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Fluoridated water has actually been the center of debate between many researchers, government agencies, and dental and medical professionals for a number of years. The United States government estimates that approximately 60% of the population living where there is a source of public water supply are getting fluoridated water.
Public water is fluoridated at a rate of 1 part fluoride to 1 million parts water. Up until the 1990s, most dental experts and pediatricians agreed that drinking fluoridated water was a good idea because it helped prevent tooth decay.
In the mid-1990s, researchers began studying the effects of ingesting fluoridated water and the possible link between fluoride and cancer. The Center for Disease Control (CDC) released a report in 1999 that concluded there was no connection between fluoridated water and an increase in the risk of developing cancer. Thus, proponents for fluoridated water still believe that it is a good idea because there are no harmful health effects yet proven and the benefits of fluoride to healthy teeth have been proven over and over.
Still, many feel that fluoridated water in the public water supply is the same as forcing a chemical on individuals who might not otherwise choose to consume it. Though some countries have ceased the use of fluoride in their water supply, the United States is not one of them. The majority of people in the US have access to fluoridated water, but people who use wells rather than public water do not receive fluoridated water, though well water may contain trace amounts of fluoride naturally.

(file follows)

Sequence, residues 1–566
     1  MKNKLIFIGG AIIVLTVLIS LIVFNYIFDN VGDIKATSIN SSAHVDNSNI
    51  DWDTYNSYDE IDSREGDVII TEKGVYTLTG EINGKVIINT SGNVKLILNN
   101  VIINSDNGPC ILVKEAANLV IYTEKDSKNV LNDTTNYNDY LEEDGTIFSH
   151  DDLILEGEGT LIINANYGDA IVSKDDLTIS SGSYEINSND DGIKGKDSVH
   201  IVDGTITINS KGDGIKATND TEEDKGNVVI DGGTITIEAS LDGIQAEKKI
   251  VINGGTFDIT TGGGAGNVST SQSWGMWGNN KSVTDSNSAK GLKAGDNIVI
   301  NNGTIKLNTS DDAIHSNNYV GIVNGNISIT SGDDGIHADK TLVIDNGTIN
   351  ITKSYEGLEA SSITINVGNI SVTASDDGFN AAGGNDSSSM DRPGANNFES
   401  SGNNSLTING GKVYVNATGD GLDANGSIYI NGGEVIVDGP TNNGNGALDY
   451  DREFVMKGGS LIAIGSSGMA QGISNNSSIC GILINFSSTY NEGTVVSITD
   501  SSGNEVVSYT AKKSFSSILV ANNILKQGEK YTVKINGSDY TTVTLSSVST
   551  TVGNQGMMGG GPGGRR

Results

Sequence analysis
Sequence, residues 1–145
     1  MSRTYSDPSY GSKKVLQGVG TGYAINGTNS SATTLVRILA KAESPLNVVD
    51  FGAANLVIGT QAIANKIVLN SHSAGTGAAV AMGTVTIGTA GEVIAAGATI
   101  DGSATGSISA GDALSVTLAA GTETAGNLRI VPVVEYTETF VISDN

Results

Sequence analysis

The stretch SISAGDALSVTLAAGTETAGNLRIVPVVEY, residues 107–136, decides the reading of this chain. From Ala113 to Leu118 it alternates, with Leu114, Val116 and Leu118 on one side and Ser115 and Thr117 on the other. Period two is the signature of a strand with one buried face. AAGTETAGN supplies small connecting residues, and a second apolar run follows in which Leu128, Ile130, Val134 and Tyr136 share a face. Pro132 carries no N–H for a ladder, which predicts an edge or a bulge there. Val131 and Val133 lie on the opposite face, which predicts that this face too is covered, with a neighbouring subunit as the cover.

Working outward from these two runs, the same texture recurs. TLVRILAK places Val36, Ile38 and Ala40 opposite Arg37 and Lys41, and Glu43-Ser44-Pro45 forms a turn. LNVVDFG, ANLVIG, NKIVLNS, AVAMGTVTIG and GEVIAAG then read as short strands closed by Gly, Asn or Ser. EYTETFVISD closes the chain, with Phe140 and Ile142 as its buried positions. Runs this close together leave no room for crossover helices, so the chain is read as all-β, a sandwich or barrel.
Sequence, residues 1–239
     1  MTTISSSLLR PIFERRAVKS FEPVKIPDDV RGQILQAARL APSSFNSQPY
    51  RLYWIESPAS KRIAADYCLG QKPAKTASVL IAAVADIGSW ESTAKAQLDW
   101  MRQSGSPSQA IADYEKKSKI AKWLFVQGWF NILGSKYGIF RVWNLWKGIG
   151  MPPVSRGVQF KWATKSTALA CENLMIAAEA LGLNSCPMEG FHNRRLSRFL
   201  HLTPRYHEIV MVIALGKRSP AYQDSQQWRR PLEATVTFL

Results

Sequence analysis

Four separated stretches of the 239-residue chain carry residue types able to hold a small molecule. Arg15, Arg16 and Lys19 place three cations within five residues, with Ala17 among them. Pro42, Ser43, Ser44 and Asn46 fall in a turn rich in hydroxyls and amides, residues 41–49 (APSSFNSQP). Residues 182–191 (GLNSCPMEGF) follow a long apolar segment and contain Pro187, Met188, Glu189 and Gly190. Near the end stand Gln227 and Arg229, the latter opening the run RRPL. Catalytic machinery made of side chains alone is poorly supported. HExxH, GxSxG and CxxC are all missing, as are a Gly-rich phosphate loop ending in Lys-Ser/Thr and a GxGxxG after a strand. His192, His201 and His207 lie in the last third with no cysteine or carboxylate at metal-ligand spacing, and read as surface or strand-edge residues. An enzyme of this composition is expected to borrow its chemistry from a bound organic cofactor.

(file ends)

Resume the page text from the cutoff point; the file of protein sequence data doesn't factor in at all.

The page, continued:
For consumers who choose to drink fluoridated water but prefer bottled water, there are some bottling companies who add fluoride to their water. Even if people don’t drink their tap water and don’t buy bottled fluoridated water, they still consume public water when it is used for cooking. Further, brushing at least twice a day with a toothpaste containing fluoride provides adequate care of teeth.
While fluoridated water may not be considered a good idea by all, it is hardly a significant enough source of “bad” to worry about. Either way, most dental experts agree that proper oral hygiene, including regular brushing and flossing, is the most important factor in preventing tooth decay. Children old enough to brush on their own will receive enough fluoride if they use toothpaste containing it. If you are concerned about a lack of fluoride in your water, you can talk to your dentist about fluoride treatments.
My, I was not aware of this fluoridated water controversy. It would seem logical to stop adding it to the water. Since toothpaste has fluoride in it, isn't that sufficient for healthy teeth? It seems that fluoride works best when applied directly to the teeth anyway.
There are some serious allegations attributed to too much fluoride, such as bone cancer, lower IQ, and osteoporosis. Hopefully some additional research findings will settle this issue one way or another.
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